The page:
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Preeminent British classical actor of the first post-Olivier generation, Derek Jacobi was knighted in 1994 for his services to the theatre, and, in fact, is only the second to enjoy the honor of holding TWO knighthoods, Danish and English (Olivier was the other). Modest and unassuming in nature, Jacobi's firm place in theatre history centers around his fearless display of his characters' more unappealing aspects, their great flaws, eccentricities and, more often than not, their primal torment.
Jacobi was born in Leytonstone, London, England, the only child of Alfred George Jacobi, a department store manager, and Daisy Gertrude (Masters) Jacobi, a secretary. His paternal great-grandfather was German (from Hoxter, Germany). His interest in drama began while quite young. He made his debut at age six in the local library drama group production of "The Prince and the Swineherd" in which he appeared as both the title characters. In his teens he attended Leyton County High School and eventually joined the school's drama club ("The Players of Leyton").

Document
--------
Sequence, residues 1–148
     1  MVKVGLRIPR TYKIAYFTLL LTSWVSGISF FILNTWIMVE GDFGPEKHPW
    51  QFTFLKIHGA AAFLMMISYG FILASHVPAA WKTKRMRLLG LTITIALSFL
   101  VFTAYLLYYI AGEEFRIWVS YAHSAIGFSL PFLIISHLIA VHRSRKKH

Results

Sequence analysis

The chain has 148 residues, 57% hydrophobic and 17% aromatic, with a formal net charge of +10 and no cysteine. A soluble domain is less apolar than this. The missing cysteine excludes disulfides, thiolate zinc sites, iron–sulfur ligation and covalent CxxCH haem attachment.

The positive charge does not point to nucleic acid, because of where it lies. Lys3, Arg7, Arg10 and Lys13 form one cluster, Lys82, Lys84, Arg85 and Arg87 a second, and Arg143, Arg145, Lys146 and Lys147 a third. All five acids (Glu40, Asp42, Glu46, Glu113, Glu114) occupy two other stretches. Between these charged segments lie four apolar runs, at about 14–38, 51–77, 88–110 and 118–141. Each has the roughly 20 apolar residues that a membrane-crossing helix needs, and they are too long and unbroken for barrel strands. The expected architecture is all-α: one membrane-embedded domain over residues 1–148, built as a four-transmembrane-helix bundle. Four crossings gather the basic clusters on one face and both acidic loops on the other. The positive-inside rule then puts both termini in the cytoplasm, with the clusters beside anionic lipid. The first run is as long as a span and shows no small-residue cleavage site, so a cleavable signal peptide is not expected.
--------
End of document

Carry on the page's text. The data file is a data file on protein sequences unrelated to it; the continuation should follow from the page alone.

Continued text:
Derek portrayed Hamlet at the English National Youth Theatre prior to receiving his high school diploma, and earned a scholarship to the University of Cambridge, where he initially studied history before focusing completely on the stage. A standout role as Edward II at Cambridge led to an invite by the Birmingham Repertory in 1960 following college graduation. He made an immediate impression wherein his Henry VIII (both in 1960) just happened to catch the interest of Olivier himself, who took him the talented actor under his wing. Derek became one of the eight founding members of Olivier's National Theatre Company and gradually rose in stature with performances in "The Royal Hunt of the Sun," "Othello" (as Cassio) and in "Hay Fever", among others. He also made appearances at the Chichester Festival and the Old Vic.
He and his life-time companion of three decades, Richard Clifford, filed as domestic partners in England in 2006. Clifford, a fine classical actor and producer in his own right, has shared movie time with Jacobi in Little Dorrit (1987), Henry V (1989), and the TV version of Cyrano de Bergerac (1985).